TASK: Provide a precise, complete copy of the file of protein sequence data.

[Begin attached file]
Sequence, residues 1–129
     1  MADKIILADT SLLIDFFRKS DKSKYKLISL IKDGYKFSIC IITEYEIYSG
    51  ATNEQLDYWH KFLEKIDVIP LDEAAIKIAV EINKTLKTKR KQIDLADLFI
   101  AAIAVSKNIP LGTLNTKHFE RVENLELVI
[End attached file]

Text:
Sequence, residues 1–129
     1  MADKIILADT SLLIDFFRKS DKSKYKLISL IKDGYKFSIC IITEYEIYSG
    51  ATNEQLDYWH KFLEKIDVIP LDEAAIKIAV EINKTLKTKR KQIDLADLFI
   101  AAIAVSKNIP LGTLNTKHFE RVENLELVI